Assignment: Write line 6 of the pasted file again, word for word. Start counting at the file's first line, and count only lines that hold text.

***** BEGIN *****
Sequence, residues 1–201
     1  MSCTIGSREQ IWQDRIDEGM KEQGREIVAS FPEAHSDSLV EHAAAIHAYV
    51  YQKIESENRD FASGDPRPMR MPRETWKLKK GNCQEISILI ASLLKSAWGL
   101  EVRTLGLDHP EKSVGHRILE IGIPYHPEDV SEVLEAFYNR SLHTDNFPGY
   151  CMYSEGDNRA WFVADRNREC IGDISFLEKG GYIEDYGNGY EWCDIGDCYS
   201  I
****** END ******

   201  I